No season gets better press than summer. The livin’ is easy, school’s out for it, and Demi Lovato is cool for it. Even Shakespeare waxed poetic while sweating in his Elizabethan doublet centuries before the invention of air conditioning: “Shall I compare thee to a summer’s day?”
But summer doesn’t mean fun in the sun for everyone. Some people become downright sick of summer. This condition even has a name: summer-onset seasonal affective disorder. If seasonal affective disorder comes with the apt acronym SAD, does that mean summer-onset seasonal affective disorder is SO SAD? Let’s find out more.
Why so SAD?
What is seasonal affective disorder? Most cases are related to winter, when days are shorter, nights are longer, and the cold keeps people holed up indoors instead of outside, absorbing sunlight. This results in lethargy, sadness, the feeling that you’ll never be warm or see the sun again.
Why this happens to the 5 percent of adult Americans with SAD isn’t fully understood, but all evidence points to decreased sunlight messing with our circadian rhythm — the 24-hour cycle that drives the sleep-wake schedule and drops levels of serotonin, the brain chemical that affects mood.
While people who experience SAD during winter feel listless and gloomy and tend to oversleep and overeat, people with summer SAD feel the opposite. They often experience insomnia and loss of appetite and feel agitated or anxious.
Bright lights, big problems
Because sunlight is the key to SAD cases, it’s thought that SO SAD (my unofficial, totally made-up acronym) is due to too much sun. Too much sunlight turns off production of melatonin, the hormone that drives the sleep-wake cycle. Melatonin is the vampire of hormones because it only comes out in the dark. Even turning on the light in the middle of the night to go to the bathroom is enough to pause its production. And longer days means fewer hours at the melatonin factory.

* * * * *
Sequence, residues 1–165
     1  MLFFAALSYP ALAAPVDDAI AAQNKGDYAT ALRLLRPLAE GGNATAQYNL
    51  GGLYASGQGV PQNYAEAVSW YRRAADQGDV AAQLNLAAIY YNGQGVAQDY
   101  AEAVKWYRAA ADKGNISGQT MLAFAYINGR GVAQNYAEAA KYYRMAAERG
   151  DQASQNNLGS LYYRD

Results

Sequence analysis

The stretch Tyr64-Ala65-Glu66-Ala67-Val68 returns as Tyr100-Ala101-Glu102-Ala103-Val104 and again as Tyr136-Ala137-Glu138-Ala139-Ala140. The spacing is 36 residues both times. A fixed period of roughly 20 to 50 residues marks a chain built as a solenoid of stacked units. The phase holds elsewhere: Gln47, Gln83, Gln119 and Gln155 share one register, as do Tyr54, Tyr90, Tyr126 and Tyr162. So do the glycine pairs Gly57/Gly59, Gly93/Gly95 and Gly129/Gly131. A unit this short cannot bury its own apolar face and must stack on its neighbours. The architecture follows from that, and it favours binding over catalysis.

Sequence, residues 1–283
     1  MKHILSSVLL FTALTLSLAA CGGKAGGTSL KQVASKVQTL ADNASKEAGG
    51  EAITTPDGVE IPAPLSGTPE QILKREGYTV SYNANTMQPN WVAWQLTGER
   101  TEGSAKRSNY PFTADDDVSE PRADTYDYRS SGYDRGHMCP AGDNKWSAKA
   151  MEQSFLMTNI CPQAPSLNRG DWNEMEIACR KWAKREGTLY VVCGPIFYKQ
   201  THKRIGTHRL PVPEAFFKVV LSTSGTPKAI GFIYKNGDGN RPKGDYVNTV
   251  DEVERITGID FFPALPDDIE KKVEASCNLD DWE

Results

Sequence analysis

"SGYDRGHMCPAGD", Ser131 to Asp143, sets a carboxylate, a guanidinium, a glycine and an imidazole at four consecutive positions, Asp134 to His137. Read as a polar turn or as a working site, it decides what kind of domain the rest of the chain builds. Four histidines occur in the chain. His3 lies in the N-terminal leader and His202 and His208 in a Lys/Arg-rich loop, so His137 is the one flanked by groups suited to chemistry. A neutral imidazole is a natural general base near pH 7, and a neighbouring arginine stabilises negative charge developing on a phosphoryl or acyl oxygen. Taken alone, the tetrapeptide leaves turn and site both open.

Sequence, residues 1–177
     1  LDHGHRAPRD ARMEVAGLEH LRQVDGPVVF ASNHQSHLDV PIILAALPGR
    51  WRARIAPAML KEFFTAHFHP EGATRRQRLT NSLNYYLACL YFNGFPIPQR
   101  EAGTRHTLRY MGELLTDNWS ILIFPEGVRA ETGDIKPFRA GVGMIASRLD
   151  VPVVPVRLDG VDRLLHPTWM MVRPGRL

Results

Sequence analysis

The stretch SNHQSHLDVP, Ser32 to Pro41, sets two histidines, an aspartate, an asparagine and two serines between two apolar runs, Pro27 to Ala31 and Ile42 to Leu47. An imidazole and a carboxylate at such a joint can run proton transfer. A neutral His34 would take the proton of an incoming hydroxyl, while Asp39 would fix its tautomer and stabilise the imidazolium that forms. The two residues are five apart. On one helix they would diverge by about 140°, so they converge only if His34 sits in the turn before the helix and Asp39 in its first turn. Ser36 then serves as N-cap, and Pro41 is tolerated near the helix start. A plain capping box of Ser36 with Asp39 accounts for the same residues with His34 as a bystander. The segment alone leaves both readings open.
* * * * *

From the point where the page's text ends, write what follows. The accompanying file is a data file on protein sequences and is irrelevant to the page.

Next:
It’s hot, and it’s making me mad
In addition to all that endless, blinding sun disrupting your circadian rhythm, the heat of summer has been found to make those living with SAD anxious and angry. However, this anger is not your typical “Why is the air-conditioning not working?” rant, and it’s more than a flaring temper during an oppressive heat wave.
Who gets summer-onset SAD?
Certain people are more likely to have both kinds of SAD. Risks include:
- Being a woman: Females are affected by SAD more often than males, but men report more severe symptoms.
- Having a relative with SAD: Like other mood disorders, there seems to be a genetic component to SAD.
- Living closer to the equator: The reported on research that showed people in hotter, southern states have more summer SAD than people in the north.
- Having bipolar disorder or clinical depression: Sensitivity to SAD symptoms may be worsened by seasonal changes in people who are bipolar or clinically depressed.
There ain’t no cure for the summertime blues?
If you have summer-onset SAD, you don’t have to be bummed from June to September, listening to Lana Del Rey balefully croon “Summertime Sadness” on a loop and counting down the hours until Labor Day.
There are proactive treatments for summer SAD that run the gamut from air conditioners to antidepressants.
- Seek dark rooms: Since summer SAD’s connection to sunlight is the opposite of winter SAD, so is the preferred environment. Instead of light therapy, people who have summer-onset SAD are advised to spend more time in darkened rooms. You might miss a beach day or two, but you’ll feel better, and your skin is going to look amazing when you’re old.
- Find that AC: Avoid inflating your utility bill by taking in as many movies as possible. Movie theaters are dark (bonus!) and their thermostats always seem to be set to “arctic.” Bring a sweater.
- Get help: Talking it out with a professional can help you manage stress, find healthy coping strategies, learn how to stay positive, and manage the FOMO you might feel around friends who can’t stop talking about the great time they’re having at the cookout.
Bottom line: 8 all-too-real things only people with summer-onset SAD understand
- The end of daylight saving time might as well be the apocalypse.
- There aren’t sunglasses big enough or dark enough. There just aren’t.
- People envy your lack of appetite during bathing suit season the way you envy their enthusiasm for bathing suit season.
- You’d rather watch a documentary about the history of plastic than go to a July 4th barbecue.
- The Beach Boys need to pipe the hell down.
- Your dream vacation destination is Winterfell, from “Game of Thrones.”
- Global warming scares you for a different reason.
- Given the choice between a picnic with Ryan Gosling and blackout shades, you’d pick the blackout shades.
Dara Nai is an LA-based humor writer whose credits include scripted television, entertainment and pop-culture journalism, celebrity interviews, and cultural commentary. She has also appeared in her own show for LOGO TV, written two independent sitcoms, and, inexplicably, served as a judge at an international film festival.